When I began reading this book, I thought it was about the conflict between the rational and intuitive aspects of the mind, in the guise of a ghost story. But, I wasn't exactly right. It isn't a love story either, for the lovers barely spend any time with each other, though they are both fascinating characters. It isn't a story of family life, domestic conflict and its resolution either. But all these elements blend well and the story moves along at a fast clip. The beautiful coastal village where the story is set, is lovingly described. The narration is excellent. I loved the fact that this is a happy story. Trouble hovers like gathering storm clouds, but the storm is exciting and enjoyable in its own way. Unlike 'The Thirteenth Tale', this is not a dark and gloomy tale. If I have any complaint, it is that the behavior of Cathy's husband is unrealistic. It is difficult to believe that he is not concerned about the children's safety at the end. Also, he does not deal with his disagreement with his wife like a man who has enjoyed a long, stable and happy marriage. His approach to protecting his wife's peace of mind isn't convincing either. But, l had a good time listening to this book and would strongly recommend it to others.
Very interesting story. I wanted to visit Evenwood. The narration was very good. The only part that I didn't like was the revelation about Mrs. Battersby. That was just one chapter in a long book. But, I particularly loved the language and the plot twists. Perseus and Esperenza were my favourite characters, but I also liked Esperenza's mistress, the Baroness. I finished this book very quickly.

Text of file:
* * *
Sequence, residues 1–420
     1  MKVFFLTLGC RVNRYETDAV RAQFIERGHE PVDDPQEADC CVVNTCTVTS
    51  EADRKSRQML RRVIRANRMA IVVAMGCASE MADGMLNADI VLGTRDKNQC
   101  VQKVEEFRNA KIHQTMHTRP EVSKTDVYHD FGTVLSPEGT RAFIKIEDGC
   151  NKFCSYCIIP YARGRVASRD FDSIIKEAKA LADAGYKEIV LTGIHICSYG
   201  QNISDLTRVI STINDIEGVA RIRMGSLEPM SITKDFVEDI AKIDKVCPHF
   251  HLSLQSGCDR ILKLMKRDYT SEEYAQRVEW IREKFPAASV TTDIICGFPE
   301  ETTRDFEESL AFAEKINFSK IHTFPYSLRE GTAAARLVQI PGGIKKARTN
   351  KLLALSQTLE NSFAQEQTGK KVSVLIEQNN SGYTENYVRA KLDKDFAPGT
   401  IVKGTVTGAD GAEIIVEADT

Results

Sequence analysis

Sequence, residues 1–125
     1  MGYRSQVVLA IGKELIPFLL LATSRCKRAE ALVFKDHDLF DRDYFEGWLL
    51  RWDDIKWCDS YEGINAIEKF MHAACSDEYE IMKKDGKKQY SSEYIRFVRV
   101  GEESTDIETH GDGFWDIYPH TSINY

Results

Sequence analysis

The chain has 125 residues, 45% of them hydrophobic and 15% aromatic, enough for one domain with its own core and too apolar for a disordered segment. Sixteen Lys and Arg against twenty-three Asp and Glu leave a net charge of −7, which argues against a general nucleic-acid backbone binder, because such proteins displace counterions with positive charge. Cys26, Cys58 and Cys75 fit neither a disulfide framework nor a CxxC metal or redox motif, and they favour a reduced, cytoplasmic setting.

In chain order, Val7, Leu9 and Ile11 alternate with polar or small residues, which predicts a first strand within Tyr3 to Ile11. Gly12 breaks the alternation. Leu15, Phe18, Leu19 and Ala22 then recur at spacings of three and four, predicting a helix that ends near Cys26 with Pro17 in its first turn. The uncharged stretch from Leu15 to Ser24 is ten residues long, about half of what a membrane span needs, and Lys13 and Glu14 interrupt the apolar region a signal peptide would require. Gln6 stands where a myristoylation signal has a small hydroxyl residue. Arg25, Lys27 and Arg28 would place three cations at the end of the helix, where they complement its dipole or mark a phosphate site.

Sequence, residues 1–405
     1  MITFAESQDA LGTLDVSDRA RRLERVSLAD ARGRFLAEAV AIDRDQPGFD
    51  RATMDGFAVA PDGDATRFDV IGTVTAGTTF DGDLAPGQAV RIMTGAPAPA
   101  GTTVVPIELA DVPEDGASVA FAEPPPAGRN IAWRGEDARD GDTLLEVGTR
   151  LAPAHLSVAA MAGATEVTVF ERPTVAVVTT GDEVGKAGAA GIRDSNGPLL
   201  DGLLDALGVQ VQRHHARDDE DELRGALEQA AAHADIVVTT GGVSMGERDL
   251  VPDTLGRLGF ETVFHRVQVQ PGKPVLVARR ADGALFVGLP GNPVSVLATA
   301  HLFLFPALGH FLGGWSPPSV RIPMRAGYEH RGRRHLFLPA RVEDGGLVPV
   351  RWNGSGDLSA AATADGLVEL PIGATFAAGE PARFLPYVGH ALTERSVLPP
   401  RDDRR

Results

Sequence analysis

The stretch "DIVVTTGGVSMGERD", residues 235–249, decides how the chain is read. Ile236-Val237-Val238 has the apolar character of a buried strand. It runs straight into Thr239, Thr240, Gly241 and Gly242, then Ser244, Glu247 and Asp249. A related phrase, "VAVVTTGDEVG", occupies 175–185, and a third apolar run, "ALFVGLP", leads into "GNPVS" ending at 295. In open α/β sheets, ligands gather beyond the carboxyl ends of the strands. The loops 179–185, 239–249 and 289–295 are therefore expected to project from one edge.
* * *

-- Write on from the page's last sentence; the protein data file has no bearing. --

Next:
I had heard that the author had been invited by Google to give a talk. That was why I thought this book deserved a look. The snippet I listened to intrigued me and I bought the book. I am glad I did. It blended some neuroscience, some humor, some practical ideas and anecdotes in a very interesting way. I also found the information very useful. Also, the narration was very good. I had just listened to 'The Ravenous Brain' by the same narrator and was very glad to listen to more brain related material read by him.
Nathaniel Philbrick admits that Moby Dick is not an easy read and his sincerity is one reason why his passion and enthusiasm for Moby Dick could be contagious. He provides a solid argument for why one should still attempt to read / listen to Moby Dick, a little at a time. I was thinking of buying a book titled 'Moby Duck' about little yellow plastic ducks, ocean pollution and the environment. It is on my wish list. I wondered whether reading Moby Dick was a prerequisite for enjoying 'Moby Duck' and why I would be interested in reading about a man obsessed with killing a whale. So, I listened to Nathaniel Philbrick's 'Why read Moby Dick?'. It was quite persuasive. I think I will dip into Moby Dick sometime. It certainly made me want to listen to Nathaniel Philbrick's books about seafarers and storms.
A good listen overall.